Monday, 18 February 2013

February Half Term walk



What do you do on a Sunday in February?

Well, if you are on the Isle of Wight, you go for a walk to enjoy the magnificent scenery. There is so much choice - over 500 miles of waymarked footpaths, beaches, fields, forests and downs.

This week we looked at the prevailing wind direction and visibility and decided to go west onto Tennyson Down and walk along to the famous Needles Rocks marking the western end of the island.

As we climbed from the chalk pit car park behind the High Down Inn we gained stunning views of the mainland shore and Hurst Castle. At the top by the prominent Tennyson Monument we could see south into Compton Bay towards the southern tip of the island at St Catherines. Compton Bay is one of the UK's best surf spots but we could not see anybody out, I guess the wind was in the wrong direction.

A nice walk with the breeze behind us took us to the old Rocket test site at Highdown. This once top secret site was constructed in the 1950s and was operated until 1971. It was used as a ground test firing site for Britain's space programmes. The Black Arrow launcher for Britain's first satellite, Prospero, was tested here and shipped to Woomera in Australia for launch. The satellite was launched in 1971 and is still in orbit now, 40 years later.
See where it is right now.

Like many good British inventions and developments the space programme was cancelled as the first satellite launched due the politicians' views that there was no future for a British space industry!
There is an information plaque by the old site and a museum with lots of interesting information about this site.

Just past the rocket site is a small viewing platform where you can get magnificent views of the famous Needles marking the western extremity of the island. The current lighthouse was commissioned in the 1860's and replace the original one built in 1786. The lighthouse was manned and serviced by boat, weather permitting, until a helipad was installed in 1987. The lighthouse was fully automated and the last keepers left in December 1994.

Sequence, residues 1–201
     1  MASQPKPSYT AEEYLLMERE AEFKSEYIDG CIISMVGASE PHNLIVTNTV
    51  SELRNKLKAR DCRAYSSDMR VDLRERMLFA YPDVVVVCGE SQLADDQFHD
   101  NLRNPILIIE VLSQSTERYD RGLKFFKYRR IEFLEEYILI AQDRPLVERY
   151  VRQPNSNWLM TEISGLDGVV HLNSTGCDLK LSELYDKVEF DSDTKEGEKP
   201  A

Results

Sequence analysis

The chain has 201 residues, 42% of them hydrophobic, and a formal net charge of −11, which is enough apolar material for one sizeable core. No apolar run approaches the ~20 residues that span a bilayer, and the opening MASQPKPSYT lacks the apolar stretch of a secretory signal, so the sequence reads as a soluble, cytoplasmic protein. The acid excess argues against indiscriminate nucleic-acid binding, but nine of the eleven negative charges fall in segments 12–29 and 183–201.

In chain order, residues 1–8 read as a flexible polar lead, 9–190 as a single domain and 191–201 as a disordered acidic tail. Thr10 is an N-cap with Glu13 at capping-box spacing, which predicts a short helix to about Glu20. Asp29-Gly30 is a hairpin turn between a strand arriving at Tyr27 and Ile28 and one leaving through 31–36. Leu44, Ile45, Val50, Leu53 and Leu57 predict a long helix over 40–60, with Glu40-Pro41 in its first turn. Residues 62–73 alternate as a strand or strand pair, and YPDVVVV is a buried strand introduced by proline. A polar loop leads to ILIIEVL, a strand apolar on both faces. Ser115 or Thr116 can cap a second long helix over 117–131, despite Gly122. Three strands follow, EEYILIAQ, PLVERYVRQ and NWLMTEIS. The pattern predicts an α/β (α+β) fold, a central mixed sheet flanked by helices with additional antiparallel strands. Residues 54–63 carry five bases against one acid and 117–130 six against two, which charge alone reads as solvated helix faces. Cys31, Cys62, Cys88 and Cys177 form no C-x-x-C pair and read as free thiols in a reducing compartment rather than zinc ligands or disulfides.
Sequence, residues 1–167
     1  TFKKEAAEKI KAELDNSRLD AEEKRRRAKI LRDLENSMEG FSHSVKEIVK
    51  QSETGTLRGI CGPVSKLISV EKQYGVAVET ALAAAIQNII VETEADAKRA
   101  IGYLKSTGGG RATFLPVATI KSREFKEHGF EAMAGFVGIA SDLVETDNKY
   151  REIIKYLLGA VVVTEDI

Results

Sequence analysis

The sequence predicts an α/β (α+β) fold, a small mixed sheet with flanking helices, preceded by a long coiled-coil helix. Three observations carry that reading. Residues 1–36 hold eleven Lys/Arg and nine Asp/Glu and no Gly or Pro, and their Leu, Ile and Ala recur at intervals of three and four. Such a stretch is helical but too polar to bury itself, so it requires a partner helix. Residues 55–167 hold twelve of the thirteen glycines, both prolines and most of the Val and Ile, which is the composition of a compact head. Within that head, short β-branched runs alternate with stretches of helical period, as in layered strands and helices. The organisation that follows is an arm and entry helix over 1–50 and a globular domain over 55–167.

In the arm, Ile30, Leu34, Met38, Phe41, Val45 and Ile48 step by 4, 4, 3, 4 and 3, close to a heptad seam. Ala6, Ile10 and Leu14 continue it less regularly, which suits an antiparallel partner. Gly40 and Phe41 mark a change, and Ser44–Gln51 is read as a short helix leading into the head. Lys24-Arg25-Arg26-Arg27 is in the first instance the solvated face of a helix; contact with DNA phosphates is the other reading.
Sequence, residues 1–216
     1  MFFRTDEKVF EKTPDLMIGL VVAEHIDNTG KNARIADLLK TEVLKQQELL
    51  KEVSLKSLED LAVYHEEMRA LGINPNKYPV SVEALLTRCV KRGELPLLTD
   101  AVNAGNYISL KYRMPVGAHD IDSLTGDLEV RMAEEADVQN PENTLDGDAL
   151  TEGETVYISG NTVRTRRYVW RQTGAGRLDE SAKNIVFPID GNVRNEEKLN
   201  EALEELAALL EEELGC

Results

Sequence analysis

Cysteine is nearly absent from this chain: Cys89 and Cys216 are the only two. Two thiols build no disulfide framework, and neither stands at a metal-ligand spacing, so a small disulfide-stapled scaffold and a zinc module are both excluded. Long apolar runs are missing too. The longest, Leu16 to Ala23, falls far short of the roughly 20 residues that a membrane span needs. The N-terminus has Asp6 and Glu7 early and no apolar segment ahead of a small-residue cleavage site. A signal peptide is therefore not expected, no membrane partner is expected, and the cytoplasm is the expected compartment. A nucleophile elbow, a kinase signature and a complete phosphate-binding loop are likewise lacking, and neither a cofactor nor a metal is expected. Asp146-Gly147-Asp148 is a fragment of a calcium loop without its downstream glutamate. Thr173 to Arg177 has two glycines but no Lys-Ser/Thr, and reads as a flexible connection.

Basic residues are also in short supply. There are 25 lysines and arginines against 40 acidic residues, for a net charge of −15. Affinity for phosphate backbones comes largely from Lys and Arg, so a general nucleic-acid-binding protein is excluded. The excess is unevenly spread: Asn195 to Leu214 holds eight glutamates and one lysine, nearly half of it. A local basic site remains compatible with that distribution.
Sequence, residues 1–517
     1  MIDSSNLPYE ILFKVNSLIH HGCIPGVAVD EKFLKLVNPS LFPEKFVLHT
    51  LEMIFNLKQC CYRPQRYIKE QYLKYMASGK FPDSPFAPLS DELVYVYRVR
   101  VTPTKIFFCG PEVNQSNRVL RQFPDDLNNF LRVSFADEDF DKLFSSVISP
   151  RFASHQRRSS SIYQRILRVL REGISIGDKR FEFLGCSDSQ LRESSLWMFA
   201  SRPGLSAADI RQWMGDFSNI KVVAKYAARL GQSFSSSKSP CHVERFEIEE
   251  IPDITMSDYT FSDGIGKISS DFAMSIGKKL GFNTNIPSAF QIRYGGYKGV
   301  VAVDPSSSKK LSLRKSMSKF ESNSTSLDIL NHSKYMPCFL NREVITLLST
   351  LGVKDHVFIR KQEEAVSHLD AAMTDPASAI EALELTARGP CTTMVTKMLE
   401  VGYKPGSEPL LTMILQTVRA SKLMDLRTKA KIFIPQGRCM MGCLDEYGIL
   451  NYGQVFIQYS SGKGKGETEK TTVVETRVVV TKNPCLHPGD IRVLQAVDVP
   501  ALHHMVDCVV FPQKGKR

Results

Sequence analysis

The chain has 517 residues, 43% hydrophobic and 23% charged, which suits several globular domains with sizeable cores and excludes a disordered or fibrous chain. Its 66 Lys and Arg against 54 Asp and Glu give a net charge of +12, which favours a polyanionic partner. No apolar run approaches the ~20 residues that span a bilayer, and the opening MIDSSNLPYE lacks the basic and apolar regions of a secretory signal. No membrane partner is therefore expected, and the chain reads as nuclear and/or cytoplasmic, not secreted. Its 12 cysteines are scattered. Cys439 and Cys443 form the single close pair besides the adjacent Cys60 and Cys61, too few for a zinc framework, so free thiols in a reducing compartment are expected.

We walked from the gun emplacements at the top of the down to the old Needle Battery fort overlooking the Needles and guarding the entrance to the Solent with it's big guns. This is looked after by the National Trust and an entrance fee is normally payable, but this week it is free for half term. We went in for a most welcome cup of tea and slice of cake to recharge our batteries (sorry). The Needles Battery is mostly run by volunteers and is a very interesting visit with stunning views.

Walking back from the Needles there is a magnificent view of Alum Bay with its famous coloured sands. Tourists from all over the world come here to fill glass shapes with layers of the coloured sands. During the summer boat trips run from here to view the Needles and the sea level gun slots cut into the cliff below the Needles Battery.

Marconi conducted his early experiments in radio here and in 1898 he managed to transmit as far as Bournemouth and Poole, 20 miles away. How far have we come with communication since then?

Finally, a walk back across the downs to the car. What a great day! Plenty of fresh air and exercise, lovely views and lots of interesting places and things to see. Perfect!

Why don't you come and see our lovely Isle of Wight - it is just as good in the winter and much less crowded.

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